Promoting Brain Injury Survivor Self-Advocacy and Collective Advocacy
Search Your Soul Issues
Although not all survivors in our acquired brain injury (ABI) community agree on every single issue, there are numerous topics which we are thinking about. Many of us have our own perspectives on various issues, but, where possible, we are attempting to formulate consensus opinions. Because of what has happened to us, we are particularily interested in the matters discussed below in the "search your soul issues" section. Please join us in pondering these issues.
Sunday, 16 September, 2001, UK Head injury care 'failing' Levels of care for patients "varies considerably" Care for patients with head injuries does not match standards set down two years ago, (1999) research suggests. ...indicated that more than half of head injury care is provided by general or orthopaedic surgeons. ...
Listing added: May 25, 2008)
August 1, 2006: Brain Injury Network (BIN) is calling for a system of regulation, review and standards nationwide for utilization in college and other post-secondary disability programs. The Brain Injury Network, a survivor-led and operated association of people with acquired brain injuries from traumatic brain injury (tbi), stroke, tumor, illness and other abi categories, is advocating for national standards for acquired brain injury programs at colleges and universities. Indeed, international standards are needed. But since the Brain Injury Network originates in California, U.S.A., we are first calling for standards to be implemented in the United States of America.... It has dawned on us that new laws are needed to protect adults with cognitive challenges who attend colleges all across the United States. Topics: Regulation, Review and Standards For College and Other Post-Secondary Level Disability Programs Are Needed National Standards Regulation of College Disability Programs Review of College Disability Programs Public Access to Information about College Disability Programs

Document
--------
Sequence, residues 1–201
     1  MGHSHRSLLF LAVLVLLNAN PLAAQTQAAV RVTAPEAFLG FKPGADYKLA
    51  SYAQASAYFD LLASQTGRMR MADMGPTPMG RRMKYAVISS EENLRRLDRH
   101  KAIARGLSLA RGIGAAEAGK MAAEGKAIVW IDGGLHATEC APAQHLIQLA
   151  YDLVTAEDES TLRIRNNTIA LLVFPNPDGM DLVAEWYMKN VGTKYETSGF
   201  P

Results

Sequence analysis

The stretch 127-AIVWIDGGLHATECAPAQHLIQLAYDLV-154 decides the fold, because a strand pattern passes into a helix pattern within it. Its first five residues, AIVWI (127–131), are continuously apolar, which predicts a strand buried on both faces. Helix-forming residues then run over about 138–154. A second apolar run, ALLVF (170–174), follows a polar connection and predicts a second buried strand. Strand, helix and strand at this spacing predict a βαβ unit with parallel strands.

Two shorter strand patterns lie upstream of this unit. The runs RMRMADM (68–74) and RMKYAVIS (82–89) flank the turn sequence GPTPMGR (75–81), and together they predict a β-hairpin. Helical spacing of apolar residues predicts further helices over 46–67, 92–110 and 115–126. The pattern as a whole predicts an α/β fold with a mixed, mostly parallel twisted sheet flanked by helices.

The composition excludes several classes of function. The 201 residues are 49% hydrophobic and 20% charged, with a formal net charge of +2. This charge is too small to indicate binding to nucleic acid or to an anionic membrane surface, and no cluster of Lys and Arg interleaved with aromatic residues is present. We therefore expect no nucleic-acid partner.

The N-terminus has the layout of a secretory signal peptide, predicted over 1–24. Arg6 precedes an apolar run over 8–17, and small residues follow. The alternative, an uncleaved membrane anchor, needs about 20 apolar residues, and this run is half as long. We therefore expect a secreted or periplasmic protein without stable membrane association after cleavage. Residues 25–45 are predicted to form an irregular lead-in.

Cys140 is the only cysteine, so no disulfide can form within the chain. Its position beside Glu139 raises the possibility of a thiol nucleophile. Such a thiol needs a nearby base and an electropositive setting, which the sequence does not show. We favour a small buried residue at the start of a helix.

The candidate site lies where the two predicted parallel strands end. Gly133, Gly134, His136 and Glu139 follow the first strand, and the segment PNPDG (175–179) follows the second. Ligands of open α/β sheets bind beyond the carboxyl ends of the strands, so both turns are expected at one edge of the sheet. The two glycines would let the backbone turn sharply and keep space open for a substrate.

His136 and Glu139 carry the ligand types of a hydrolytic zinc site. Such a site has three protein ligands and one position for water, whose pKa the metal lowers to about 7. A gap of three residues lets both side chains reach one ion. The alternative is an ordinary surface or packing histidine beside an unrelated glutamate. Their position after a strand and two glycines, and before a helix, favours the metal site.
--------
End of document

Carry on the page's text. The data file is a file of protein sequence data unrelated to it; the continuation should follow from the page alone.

Can computer models replace animal testing? 16 May 2006 by Celeste Biever Magazine issue 2551 ... As the public debate rages over the use of animals in drug development, a change is taking place in labs across the world.
CDC Study Finds that Adoption of the Brain Trauma Foundation Guidelines Could Result in a Substantial Reduction in Traumatic Brain-Injury-Related Deaths
The December issue of the Journal of Trauma: Injury, Infection, and Critical Care features a study conducted by CDC on the effectiveness of adopting the Brain Trauma Foundation (BTF) in-hospital guidelines for the treatment of adults with severe traumatic brain injury (TBI). This study demonstrates that routine use of these guidelines could result in a substantial reduction in deaths and medical, rehabilitative, and societal costs. The BTF guidelines for in-hospital care were developed over 10 years ago, in collaboration with the American Association of Neurological Surgeons (AANS). Companion guidelines for pre-hospital care were prepared with the support of the National Highway Traffic Safety Administration (NHTSA) and issued later. Although disseminated widely, these guidelines need far greater implementation.
Victimization of Persons with Traumatic Brain Injury or Other Disabilities A Fact Sheet for Professionals
According to the U.S. Department of Justice (2004), victimization occurs when “…a person suffers direct or threatened physical, emotional, and/or financial harm.” Victimization can include physical violence, sexual violence, psychological or emotional abuse, and neglect. The Centers for Disease Control and Prevention (CDC) acknowledges such victimization as a serious and preventable public health problem.
Centers for Disease Control and Prevention Part of the US Department of Health and Human Services 1600 Clifton Rd, Atlanta, GA 30333, U.S.A. Public Inquiries: (404) 498-1515 / (800) 311-3435
CDC-INFO Contact Center 1-800-CDC-INFO (1-800-232-4636) Email: firstname.lastname@example.org Website: www.cdc.gov
Sandia, UNM research shows brain injury may occur within one millisecondafter head hits car windshield. Research by Sandia engineer Paul Taylor of Sandia’s Multiscale Computational Materials Methods Dept. 1435 and Corey Ford, neurologist at University of New Mexico’s Department of Neurology and MIND Imaging Center, showed that brain injury may occur within one millisecond after a human head is thrust into a windshield as a result of a car accident. This happens prior to any overall motion of the head following impact with the windshield and is a new concept to consider for doctors interested in traumatic brain injury (TBI). Paul says that modeling brain injury is a far more humane way to study scenarios leading to TBI than the traditional trial-and-error approach using laboratory animals.
Sandia is a government-owned/contractor operated (GOCO) facility. Sandia Corporation, a Lockheed Martin company, manages Sandia for the U.S. Department of Energy's National Nuclear Security Administration. We seek collaborative partnerships on emerging technologies that support our mission.“Securing a Peaceful and Free World Through Technology”